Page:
13. The queen is dead. Long live the cause.(Opinion)
The Times indeed has made it a kaleidoscope, virtually covering everything about Benazir encompassing the pros and cons of everything. But not a single report came against the Government failure announcing that it is the same Western criteria of gate keeping that’s still working. The Times was in fact celebrating the event, with plenty of stuff for its readers, what else news as a commodity can do. This was also supported by a number of photographs:
1. A close up photograph of Benazir shortly before she addressing the political rally, at which she was killed.
2. Photographs from the scene of tragedy
3. Benazir, when she was at Oxford.
4. Benazir, putting on her make-up before addressing the rally.
5. Mixed reaction of the Pakistani community.
6. Benazir with her children.
Among the photographs, the most striking is the front-page four-column photograph of Benazir. The photograph was cleverly selected, and it was a close up photograph of Benazir, shortly before she addressed the political rally, at which she was killed. The picture shows her determination and courage that is expected of a political leader, and her stubborn gaze conveys how powerful she is as a charismatic leader.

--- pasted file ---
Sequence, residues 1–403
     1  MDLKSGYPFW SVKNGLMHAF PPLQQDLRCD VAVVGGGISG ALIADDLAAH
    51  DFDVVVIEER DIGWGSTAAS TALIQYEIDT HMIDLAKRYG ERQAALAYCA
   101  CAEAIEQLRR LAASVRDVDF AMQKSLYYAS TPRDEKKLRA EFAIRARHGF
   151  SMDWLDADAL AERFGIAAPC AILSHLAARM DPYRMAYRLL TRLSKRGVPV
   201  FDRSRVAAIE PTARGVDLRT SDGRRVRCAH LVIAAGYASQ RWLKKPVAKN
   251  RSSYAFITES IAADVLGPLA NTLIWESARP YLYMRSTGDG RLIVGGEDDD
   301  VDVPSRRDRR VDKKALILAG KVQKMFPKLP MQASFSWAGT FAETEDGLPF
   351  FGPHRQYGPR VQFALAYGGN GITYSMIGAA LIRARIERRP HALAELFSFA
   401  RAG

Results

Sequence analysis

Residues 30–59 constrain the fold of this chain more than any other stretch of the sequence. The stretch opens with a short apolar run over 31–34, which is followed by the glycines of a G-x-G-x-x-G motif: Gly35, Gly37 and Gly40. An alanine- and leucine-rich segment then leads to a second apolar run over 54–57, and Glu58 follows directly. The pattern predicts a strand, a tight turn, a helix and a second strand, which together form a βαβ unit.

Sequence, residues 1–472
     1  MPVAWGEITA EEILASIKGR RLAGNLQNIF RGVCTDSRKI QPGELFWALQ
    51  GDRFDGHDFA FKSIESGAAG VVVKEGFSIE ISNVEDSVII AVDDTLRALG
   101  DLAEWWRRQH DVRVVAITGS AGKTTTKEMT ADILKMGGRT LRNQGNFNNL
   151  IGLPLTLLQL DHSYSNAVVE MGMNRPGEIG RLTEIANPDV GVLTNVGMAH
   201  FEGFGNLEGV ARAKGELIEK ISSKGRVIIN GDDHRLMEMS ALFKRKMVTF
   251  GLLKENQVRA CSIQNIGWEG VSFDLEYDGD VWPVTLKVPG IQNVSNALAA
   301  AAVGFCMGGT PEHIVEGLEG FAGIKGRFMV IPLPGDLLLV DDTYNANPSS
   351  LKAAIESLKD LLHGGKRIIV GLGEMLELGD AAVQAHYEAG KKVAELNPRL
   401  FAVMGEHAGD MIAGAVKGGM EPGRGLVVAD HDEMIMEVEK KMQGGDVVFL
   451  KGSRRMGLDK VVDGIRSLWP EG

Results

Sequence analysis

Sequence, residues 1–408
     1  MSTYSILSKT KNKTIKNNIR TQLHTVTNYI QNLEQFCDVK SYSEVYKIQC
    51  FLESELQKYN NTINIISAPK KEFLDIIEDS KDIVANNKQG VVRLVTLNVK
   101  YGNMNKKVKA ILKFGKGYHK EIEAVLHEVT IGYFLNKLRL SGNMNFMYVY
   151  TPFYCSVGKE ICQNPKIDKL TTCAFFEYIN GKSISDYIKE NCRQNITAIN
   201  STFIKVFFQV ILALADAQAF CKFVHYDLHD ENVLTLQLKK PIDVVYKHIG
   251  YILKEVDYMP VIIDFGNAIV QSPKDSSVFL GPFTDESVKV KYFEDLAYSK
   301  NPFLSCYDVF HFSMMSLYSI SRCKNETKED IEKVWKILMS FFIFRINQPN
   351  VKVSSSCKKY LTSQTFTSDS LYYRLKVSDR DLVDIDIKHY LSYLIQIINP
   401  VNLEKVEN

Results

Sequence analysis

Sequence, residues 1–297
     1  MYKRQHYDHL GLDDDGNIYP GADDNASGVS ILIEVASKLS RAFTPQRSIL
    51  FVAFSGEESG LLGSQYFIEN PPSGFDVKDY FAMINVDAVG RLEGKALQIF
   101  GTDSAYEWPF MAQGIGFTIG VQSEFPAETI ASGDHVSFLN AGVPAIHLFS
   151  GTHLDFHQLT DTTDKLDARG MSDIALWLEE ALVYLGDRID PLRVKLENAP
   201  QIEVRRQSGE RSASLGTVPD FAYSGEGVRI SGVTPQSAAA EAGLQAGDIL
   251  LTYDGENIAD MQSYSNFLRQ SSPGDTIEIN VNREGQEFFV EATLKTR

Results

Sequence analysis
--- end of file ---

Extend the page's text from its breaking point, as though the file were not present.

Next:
The Times was also timely in using some human-interest photographs that revealed Benazir’s personality. The most striking was that of Benazir, putting on her make-up before addressing the rally. The woman with lipstick on her lips conveys the message that even amidst her tedious (and dangerous) political career, she was a woman to the core, the other picture with her children, tells the different roles she plays in life.
Its true, the message conveyed that Benazir belonged to a rare breed of courageous and diplomatic leaders, but it also meant that news is also sold at the same time more as a commodity.
The Independent coverage of the Pak crisis was objective than its competitor. The tone of voice in the story below that was reported before the assassination of Benazir had an independent tone of voice.
‘President Pervez Musharraf made last-minute changes to Pakistan's constitution yesterday, shoring up his legal defenses before lifting a six-week-old state of emergency, a senior official said. Attorney General Malik Mohammed Qayyum said Musharraf may also move to restore the credibility of January elections by suspending local mayors and scrapping a two-term limit for prime ministers. The US-backed leader cast Pakistan into turmoil and raised serious doubts over the credibility of next month's parliamentary elections by imposing a state of emergency on 3 November. He is expected to lift the emergency and restore the constitution on Saturday. But he still faces a barrage of criticism at home and abroad that the 8 January ballot will be flawed. Musharraf has said he acted to halt a "conspiracy" by top judges to end his eight-year rule and ward off political chaos that would hobble Pakistan's efforts against Islamic extremism.’ (Independent, Dec. 15, 2007)